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"Happily ever after?" Not according to the neighbors of rural wedding site venue.

NEGATIVE DECLARATION FOR RURAL WEDDING SITE VENUE SET ASIDE DUE TO POTENTIAL ROAD AND NOISE IMPACTS

By William W. Abbott

Keep Our Mountains Quiet v. County of Santa Clara (May 7, 2015, H039707) ___ Cal.App.4th ___.

The “Fair Argument” standard remains as the operative benchmark in assessing the validity of a negative declaration. The most recent decision involves approval by Santa Clara County of a wedding site venue located off of Summit Road, a state maintained facility in rural Santa Clara County. Existing uses on the property included a winery, llama and alpaca grazing lands, barns and a residence. Adjacent properties include park land owned by an open space district (with restricted access) and homes. In a not uncommon fact pattern, the property owner began hosting wedding events, some of which had up to 300 guests. Following complaints and direction from the County, the applicant filed for a use permit seeking 28 special events for up to 100 guests and 12 staff, during the hours of 2:00 p.m. to 10:00 p.m. The County studied the project for three years before issuing a mitigated negative declaration (MND). After taking testimony, the Planning Commission approved a revised MND in December 2011. The neighbors appealed the Board of Supervisors who denied the appeal, affirming the MND and conditional use permit. Conditions of approval included the following limitations: only one outdoor live event (to be monitored) orientation of speakers away from existing homes towards the open space preserve with specific placement approved by the planning department based upon a review by a noise consultant. CEQA litigation followed. The trial court found that an EIR was required due to potential noise and traffic impacts, declining to rule on the alleged violations of planning and zoning law deeming them moot. The court also awarded the petitioner attorney fees of $145,747, but declined to enhance the award as requested by the petitioner. Petitioner and real party in interest both appealed. The County did not.

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Did the California Alcoholic Beverage Control Cede its Authority?

By Brian Russell

Nick v. Department of Alcoholic Beverage Control (2014) 233 Cal.App.4th 194.

This is a case of one convenience store owner attempting to prevent another convenience store, 7-Eleven, from selling beer and wine by using the powers of the Department of Alcoholic Beverage Control (ABC). The petitioners, Adam and Sherry Nick (Nick) claimed in its complaint that under the Alcoholic Beverage Control Act (Bus. and Prof Code, Section 23000 et seq. or the “Act”) it prohibits the ABC from issuing a license that would result in or add to an undue concentration of licenses unless the local governing body of the area where the applicant’s premises is located determines that issuing the license would serve a “public convenience or necessity.”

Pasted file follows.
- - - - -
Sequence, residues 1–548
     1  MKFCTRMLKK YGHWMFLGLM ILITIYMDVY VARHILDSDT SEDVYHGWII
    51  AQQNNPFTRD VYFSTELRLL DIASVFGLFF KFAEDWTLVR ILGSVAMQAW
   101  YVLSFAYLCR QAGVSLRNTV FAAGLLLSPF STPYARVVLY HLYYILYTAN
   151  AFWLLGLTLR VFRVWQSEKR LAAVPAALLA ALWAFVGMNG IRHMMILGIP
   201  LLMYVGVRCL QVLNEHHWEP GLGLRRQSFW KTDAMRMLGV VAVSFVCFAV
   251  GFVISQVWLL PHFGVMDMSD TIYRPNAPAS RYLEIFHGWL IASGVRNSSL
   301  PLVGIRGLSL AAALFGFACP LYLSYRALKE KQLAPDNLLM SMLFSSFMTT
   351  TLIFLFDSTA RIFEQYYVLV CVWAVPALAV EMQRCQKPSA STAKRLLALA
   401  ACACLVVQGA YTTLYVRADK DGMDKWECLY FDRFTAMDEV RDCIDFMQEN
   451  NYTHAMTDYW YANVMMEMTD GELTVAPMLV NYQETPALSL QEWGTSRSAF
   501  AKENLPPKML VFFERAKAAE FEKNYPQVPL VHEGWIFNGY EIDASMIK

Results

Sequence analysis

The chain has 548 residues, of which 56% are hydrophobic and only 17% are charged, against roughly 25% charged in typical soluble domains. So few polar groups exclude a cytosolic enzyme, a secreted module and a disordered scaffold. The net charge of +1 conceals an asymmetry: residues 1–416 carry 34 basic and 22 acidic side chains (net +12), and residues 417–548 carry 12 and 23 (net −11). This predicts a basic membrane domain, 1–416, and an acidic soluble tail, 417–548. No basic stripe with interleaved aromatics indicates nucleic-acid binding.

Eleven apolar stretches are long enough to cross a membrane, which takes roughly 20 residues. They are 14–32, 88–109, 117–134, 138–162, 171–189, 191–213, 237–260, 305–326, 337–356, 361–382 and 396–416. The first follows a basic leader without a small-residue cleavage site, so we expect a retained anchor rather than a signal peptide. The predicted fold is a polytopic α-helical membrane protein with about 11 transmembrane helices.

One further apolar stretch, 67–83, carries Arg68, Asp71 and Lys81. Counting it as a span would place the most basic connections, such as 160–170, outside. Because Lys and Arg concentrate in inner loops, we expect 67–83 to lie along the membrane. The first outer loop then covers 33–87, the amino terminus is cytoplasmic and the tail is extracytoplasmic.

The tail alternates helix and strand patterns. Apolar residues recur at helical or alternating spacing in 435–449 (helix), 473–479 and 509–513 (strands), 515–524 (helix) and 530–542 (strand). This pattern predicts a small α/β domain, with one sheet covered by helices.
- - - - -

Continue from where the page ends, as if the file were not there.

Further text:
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California Courts Are Provided Broad Discretion When Awarding "Reasonable" Legal Fees Under CEQA

By: Brian Russell

Save Our Uniquely Rural Community Environment v. County of San Bernardino (March 18, 2015, E059524) ___Cal.App.4th ___.

Plaintiff and appellant Save Our Uniquely Rural Community Environment (SOURCE) appealed an award of attorney fees in a case arising under CEQA. It contended that the trial court abused its discretion when it awarded $19,176, despite SOURCE's request for $231,098.

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Statutory Prohibition Against Acquiring Public Recreation Easements By Prescription Does Not Apply Where The Easement Is Used By Private Persons To Access Their Own Property That They Use For Recreational Purposes

By Glen C. Hansen


In Pulido v. Pereira (2015) 234 Cal.App.4th 1246, the Court of Appeal for the Third Appellate District held that the prohibition for a public recreational easement on private property in Civil Code section 1009 did not preclude property owners from acquiring a prescriptive easement over a road on a neighbor’s property that they used to access their own land for private recreational purposes, where such owners were not engaging in any recreation on the neighbor's property or passing through it to access a public recreational area.

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Abbott & Kindermann Adds Noted Guest Editor To Blog Staff

[For Immediate Release] Abbott & Kindermann announced today that noted television commentator Jon Stewart is joining Abbott & Kindermann’s blog team as a guest editor. “We are very pleased to have Mr. Stewart bring his writing talents to our blog. Mr. Stewart has graciously agreed to undertake an advisory role to our publication. As our long time readers will acknowledge, Bill Abbott’s humor tends to be so nuanced; that only a handful of readers really understand his jokes. Mr. Stewart is universally recognized as a skilled humorist. With Mr. Stewart’s help, we think we will reach a much broader audience, and our blogs will be immediately distinguishable from those of our peers” said partner Diane Kindermann. “I would like to add that Mr. Stewart has long sought to master the subtleties of the Latin phrases that judges and attorneys like to use, so professionally it is a win-win for Mr. Stewart and our firm.” Mr. Stewart volunteered, “While this is a pretty small assignment in the world of comedy, I am looking forward to mastering judicial humor. No one else has.” Mr. Abbott is away at a joke writing camp and is unavailable for comment.